Michael Booth with the Mercedes CL500

Every ageing playboy needs a slick set of wheels, but does the Mercedes CL500 really say what you think it does?

Would suit: Retired footballers
Price: £79,652
Performance: 155mph, 0-62 mph 5.5secs
Combined fuel consumption: 23.3 mpg
Contact: 0800 181 361

Deep down, I quite fancy myself as a CL500 owner. I know, I know, you see me more as a raw, unbridled, "young Brando" type but still, a CL Merc is an irresistible indulgence, a tantalising fantasy of how one's automotive third age might pan out. It is a "summer on the Cap, nights at the baccarat tables, lunch on the terrace at Alain Ducasse" kind of car, and I could definitely see myself living that life (if we ignore for a moment the impediments of a wife, two children, a mortgage and no fixed income).

It is, then, a car for the care-free, high- rolling, international roué. Or is it, as is the case of the two examples round my way, the wheels of choice for the Lebanese restaurant-chain owner with a penchant for Eastern European ladies, or the IT-software entrepreneur who has just upgraded from a 3-series coupé and paved over his front garden to park it?

A CL can be all these things to all these – admittedly not especially appealing – men. So what is it that lures them to a CL instead of, say, a 911, an Aston or a Bentley?

CL buyers won't be after a sports car, that is for sure, which rules out the first two. The CL500 cossets and wafts, but is of little use if you want to out-run an Elise (and part of me can't help thinking that, for £80k, a car ought to be able to do both). Brake suddenly and the body pitches forwards; floor the throttle and there is a pause as the considerable molecular weight that surrounds you gathers itself to muster forward propulsion. Imagine pushing a wheelbarrow full of jelly and you'll get the idea. That said, it is colossally fast (heaven knows what the CL600 must be like), and, personally, I would always trade a little body control for a nice ride. Still, it's better just to point the CL towards a motorway, slip into cruise control, put on a little Wagner and have someone wake you up when you get to Wigan (though what a CL would be doing in Wigan is a moot point).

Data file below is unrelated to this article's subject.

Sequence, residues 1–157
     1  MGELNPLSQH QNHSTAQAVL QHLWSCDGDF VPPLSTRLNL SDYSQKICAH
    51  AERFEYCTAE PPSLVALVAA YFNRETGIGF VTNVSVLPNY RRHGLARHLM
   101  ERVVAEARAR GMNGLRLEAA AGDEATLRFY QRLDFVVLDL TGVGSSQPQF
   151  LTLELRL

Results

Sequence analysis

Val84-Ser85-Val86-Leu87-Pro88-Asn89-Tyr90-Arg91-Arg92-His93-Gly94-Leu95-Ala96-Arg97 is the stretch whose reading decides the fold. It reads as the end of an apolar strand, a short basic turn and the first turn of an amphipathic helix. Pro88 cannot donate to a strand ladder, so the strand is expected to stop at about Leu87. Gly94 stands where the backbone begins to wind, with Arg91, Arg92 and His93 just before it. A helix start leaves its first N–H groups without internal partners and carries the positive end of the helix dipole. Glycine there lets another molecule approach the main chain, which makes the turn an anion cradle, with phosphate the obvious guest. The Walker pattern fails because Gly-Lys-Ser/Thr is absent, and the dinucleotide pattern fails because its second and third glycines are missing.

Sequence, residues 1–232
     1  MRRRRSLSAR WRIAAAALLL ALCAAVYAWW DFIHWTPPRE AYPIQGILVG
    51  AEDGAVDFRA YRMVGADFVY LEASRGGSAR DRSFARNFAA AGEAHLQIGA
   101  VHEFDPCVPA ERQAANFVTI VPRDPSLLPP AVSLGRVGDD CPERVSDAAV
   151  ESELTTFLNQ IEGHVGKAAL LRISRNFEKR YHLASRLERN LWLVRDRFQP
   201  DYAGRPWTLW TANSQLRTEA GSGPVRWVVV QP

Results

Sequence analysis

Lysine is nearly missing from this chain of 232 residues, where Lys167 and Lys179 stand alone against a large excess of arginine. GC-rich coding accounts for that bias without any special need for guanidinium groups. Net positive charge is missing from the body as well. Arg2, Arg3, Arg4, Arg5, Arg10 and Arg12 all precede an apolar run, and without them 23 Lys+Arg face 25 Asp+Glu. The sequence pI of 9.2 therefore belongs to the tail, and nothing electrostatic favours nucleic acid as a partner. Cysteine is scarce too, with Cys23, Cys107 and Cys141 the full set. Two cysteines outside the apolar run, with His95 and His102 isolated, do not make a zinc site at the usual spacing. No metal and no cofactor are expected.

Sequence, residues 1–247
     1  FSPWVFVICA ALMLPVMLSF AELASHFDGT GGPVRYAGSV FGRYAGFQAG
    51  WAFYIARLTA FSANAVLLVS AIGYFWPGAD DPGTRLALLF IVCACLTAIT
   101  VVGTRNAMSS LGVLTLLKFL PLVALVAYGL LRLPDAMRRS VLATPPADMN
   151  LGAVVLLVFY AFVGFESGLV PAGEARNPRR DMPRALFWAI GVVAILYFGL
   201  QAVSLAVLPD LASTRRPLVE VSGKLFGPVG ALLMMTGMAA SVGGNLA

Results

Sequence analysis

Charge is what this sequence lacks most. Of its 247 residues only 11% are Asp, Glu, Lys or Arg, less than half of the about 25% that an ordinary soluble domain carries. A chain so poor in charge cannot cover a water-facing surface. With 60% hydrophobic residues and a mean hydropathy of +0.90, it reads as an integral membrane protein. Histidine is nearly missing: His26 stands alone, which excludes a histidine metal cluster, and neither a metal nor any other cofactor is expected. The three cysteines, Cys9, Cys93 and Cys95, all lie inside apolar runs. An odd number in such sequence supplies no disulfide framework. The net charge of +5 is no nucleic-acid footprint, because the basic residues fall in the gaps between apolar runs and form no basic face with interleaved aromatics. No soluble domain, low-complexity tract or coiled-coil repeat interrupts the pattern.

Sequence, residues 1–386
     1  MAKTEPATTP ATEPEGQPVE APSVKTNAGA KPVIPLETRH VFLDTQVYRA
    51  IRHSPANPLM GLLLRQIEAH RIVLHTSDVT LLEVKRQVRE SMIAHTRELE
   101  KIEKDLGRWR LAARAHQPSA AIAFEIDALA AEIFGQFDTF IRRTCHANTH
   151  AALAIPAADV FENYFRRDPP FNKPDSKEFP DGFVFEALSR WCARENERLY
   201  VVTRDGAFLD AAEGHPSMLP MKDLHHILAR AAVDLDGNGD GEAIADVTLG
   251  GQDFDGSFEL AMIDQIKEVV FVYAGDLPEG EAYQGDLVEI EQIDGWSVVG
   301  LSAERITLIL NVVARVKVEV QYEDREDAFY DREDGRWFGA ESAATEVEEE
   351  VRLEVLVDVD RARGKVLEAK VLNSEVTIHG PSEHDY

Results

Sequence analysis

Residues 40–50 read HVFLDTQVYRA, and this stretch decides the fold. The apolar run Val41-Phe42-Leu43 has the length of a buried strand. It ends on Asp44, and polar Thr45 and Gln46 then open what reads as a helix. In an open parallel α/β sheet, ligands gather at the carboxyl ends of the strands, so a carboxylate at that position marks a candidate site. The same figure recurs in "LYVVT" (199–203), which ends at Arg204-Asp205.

The Bentley is a closer rival, but its rear seats are preposterously cramped and, of course, there is the small matter of the extra £40k you'll need to buy one. Mercedes owners aren't so rich that things like value for money don't matter.

Something CL owners clearly do share is a pathological urge to exhibit the success they have achieved in life. (Bitter? Me?) And what better way is there than spending between £80,000 (for the V8) and £107,000 (for the V12 version) on an S-class with two fewer doors?

They also know quality when they see it. Refreshingly for a premium German car, there's no ruched leather. Mercedes has instead gone for the Hercule Poirot look, with piano wood and chrome trim and an Art Deco-ish clock in the centre of the dash. It is a lovely place to be and, matched with that phenomenal ride, helps to make any journey as relaxing as floating in amniotic fluid (I have a good memory), all except for the incessant beeping noises. I've no idea what I was doing wrong – it wasn't my seatbelt, or that I had the fog lights on. Perhaps it was just that the CL could tell I wasn't the right sort to take its wheel, either that or it was a Slovakian prostitute alert. *

It's a classic: Mercedes 60

Ever wondered why poshed-up Jaguars are called Daimlers, even though Gottlieb Daimler built Mercedes? We have to go back to the Mercedes 60 of 1903. Built by Daimler (he of the world's first internal combustion engine) and Wilhelm Maybach (he of those super-limos, much loved by Saudi royalty), the 60 was a high-performance, two-seater that lacked a roof, doors or any discernible body work, but it excelled in the nascent world of motor sports. It was developed at the behest, and with the cash, of industrialist Emil Jellinek, who had a daughter – Mercedes. As Daimler had licensed his name to UK dealers, Jellinek insisted the 60 carry her name in France. Due to other complicated licensing deals, her name was used across Europe for all Daimler cars built from 1908. In 1924, Daimler aligned with Karl Benz to build Mercedes-Benz cars, while the UK Daimler licence was bought by Jaguar, in 1960.

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